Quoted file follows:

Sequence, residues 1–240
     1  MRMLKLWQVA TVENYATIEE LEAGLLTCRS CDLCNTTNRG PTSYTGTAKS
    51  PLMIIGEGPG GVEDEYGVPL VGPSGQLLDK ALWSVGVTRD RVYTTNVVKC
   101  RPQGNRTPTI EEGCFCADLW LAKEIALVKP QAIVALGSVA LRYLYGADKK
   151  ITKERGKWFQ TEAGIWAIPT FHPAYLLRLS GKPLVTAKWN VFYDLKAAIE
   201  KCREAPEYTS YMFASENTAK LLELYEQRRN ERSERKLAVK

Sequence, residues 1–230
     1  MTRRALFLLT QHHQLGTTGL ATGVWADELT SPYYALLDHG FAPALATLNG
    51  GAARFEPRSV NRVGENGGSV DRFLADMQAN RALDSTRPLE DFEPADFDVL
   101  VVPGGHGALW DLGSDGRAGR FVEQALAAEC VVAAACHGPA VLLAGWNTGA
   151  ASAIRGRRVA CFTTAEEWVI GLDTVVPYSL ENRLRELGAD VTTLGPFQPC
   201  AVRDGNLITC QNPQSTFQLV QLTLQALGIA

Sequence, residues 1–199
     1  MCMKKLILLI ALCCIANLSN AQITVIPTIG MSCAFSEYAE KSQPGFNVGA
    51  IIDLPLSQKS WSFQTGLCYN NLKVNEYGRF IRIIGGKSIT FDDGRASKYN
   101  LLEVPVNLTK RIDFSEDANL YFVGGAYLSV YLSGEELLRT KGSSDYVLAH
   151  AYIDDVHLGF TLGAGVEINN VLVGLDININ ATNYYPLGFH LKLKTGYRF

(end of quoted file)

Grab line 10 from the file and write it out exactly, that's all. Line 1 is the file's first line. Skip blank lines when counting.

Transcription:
   101  VVPGGHGALW DLGSDGRAGR FVEQALAAEC VVAAACHGPA VLLAGWNTGA